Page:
Backstroke is the most efficient backstroke stroke. It is also the third-fastest swimming stroke of all.
Backstroke and back crawl are interchangeable terms for the same stroke.
Romans and Greeks have enjoyed swimming backstroke from ancient times, but the full stroke development came later. Between the 18th and 19th centuries, elementary backstroke acquired prominence in Europe.
A decent supine floating position, overarm recovery, and a breaststroke leg movement were all required for elementary backstroke.
The modern back crawl or backstroke, established in the twentieth century, combines an alternating arm action with an up-and-down leg action.
It is an upper-body dominating stroke, as opposed to the elementary backstroke. The majority of propulsion is generated by powerful wing-like muscles under each arm.
The backstroke generates the majority of its power through alternating arm action, and its streamlined horizontal posture contributes to its efficiency.
The body spins on an imaginary central axis from head to toe in a long-axis stroke.
The arm will emerge from the water straight, and once beneath the surface, the hand will bend and push the water towards the feet.
The head position is normally stable, with the hands constantly moving in opposition. Backstroke kick, unlike elementary backstroke, employs a flutter kick similar to front crawl to maintain body posture.
In competitive backstroke races, backstroke is the favored stroke. In the 1912 Olympics, Harry Hebner defeated his competitors by swimming on his back for the first time, shocking the globe.
That year, he even beat his opponents by more than three seconds.
Swimming on the back can assist a student in relaxing in the water. The nature of floating on your back, with your face up, provides you with a tranquil and restful sense.
With the front of the face clear of water, no water should splash onto the face. It could be detrimental at first. These poses convey a sense of bewilderment and anxiety.
Students’ faces look upwards and thus unaware of their surroundings. Therefore, students must be taught how to regain standing from supine in the water.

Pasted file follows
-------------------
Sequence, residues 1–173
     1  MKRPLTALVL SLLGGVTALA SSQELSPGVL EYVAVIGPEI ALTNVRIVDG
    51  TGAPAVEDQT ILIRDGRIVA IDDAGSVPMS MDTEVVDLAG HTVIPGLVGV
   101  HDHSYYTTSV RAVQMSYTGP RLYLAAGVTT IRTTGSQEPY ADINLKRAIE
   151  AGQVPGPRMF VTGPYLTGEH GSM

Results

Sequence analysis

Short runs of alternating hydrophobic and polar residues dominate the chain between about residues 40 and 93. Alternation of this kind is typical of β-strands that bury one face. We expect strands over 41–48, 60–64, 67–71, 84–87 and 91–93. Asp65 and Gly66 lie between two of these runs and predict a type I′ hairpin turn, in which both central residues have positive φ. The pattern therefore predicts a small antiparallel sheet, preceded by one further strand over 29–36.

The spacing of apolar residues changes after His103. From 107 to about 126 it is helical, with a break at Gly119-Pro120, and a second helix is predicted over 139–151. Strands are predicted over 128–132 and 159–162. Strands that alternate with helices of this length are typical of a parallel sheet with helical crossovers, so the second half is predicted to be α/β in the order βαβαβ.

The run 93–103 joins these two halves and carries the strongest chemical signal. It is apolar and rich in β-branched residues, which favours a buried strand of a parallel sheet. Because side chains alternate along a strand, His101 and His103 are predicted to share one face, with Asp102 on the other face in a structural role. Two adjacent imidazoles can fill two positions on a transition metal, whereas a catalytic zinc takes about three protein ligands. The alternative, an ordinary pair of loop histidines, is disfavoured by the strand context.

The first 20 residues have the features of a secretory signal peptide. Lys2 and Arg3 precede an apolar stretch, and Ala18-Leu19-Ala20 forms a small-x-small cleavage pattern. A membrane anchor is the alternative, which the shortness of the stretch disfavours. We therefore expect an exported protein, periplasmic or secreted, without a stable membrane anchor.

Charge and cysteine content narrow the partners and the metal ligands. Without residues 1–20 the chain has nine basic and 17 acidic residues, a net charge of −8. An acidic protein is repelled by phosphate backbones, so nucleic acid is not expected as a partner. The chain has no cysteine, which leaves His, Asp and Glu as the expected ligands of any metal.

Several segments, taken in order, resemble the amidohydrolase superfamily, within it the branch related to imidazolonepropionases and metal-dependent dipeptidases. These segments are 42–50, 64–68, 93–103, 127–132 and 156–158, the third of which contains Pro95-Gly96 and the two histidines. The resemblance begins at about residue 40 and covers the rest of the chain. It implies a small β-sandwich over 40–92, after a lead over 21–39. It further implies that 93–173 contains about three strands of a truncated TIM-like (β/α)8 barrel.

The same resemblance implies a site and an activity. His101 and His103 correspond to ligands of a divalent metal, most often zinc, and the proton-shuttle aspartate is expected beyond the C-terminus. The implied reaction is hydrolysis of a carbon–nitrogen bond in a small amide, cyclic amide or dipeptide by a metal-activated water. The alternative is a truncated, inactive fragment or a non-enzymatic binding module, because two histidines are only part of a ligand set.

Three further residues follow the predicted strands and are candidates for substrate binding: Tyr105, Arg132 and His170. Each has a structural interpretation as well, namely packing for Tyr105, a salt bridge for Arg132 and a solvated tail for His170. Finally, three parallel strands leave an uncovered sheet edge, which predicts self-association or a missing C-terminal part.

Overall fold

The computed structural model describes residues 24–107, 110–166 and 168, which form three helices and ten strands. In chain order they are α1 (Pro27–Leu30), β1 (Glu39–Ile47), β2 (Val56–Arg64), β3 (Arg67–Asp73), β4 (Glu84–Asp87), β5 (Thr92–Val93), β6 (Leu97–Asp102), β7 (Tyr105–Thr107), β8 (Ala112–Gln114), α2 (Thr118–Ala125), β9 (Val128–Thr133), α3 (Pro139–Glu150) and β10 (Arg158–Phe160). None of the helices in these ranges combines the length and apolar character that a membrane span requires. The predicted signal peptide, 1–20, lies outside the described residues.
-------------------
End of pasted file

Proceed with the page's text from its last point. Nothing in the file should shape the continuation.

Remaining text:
The supine body position is flat and horizontal, with the ears just below the water’s surface.
The head remains still throughout the stroke, with the eyes facing slightly downward.
A good backstroke does not necessitate submerging your head at any point. The head and spine stay centered, and the water fully supports the head.
This action gives inexperienced swimmers confidence.
Hips and shoulders stay close to or at the water’s surface, rolling with the stroke.
To improve efficiency, keep the legs together with the knees closer together.
Leg motion is used in the back crawl to give balance and stability. Despite the fact that the back crawl is an arm-dominated stroke, the leg serves two key purposes.
Leg motion contributes 35% of overall propulsion, stabilizes the body, provides rhythm, and greatly contributes forward momentum to backstroke swimming.
Always point your toes while keeping your ankles relaxed. The upward kick produces propulsion and ensures that the kick is delivered from the hip.
The alternating movement of kicking up and down provides the balance of the arm action.
Legs should be extended and toes pointed (plantar flexion)
Ankles must be relaxed and loose, with toes pointed slightly inwards.
When the leg begins to kick upwards, bend the knee slightly and straighten it.
Toes should kick in order to make a slight splash, similar to boiling water, but without breaking the surface.
A few workouts can assist you improve your leg kicking. The “leg press” is what I term the leg action in swimming backstroke.
Instead of leg kick, which might signify any strong movement without much thought, “leg press” helps to express the genuine idea of maximum full resistance.
To begin exploring leg movement, try seated leg press exercises by the pool.
This exercise will teach you when to relax and when to exert effort while also observing and feeling the effectiveness of moving from the hips vs the knee.
There are many misconceptions about the backstroke arm stroke; one of the most common is that the arms remain straight throughout the stroke, like a windmill.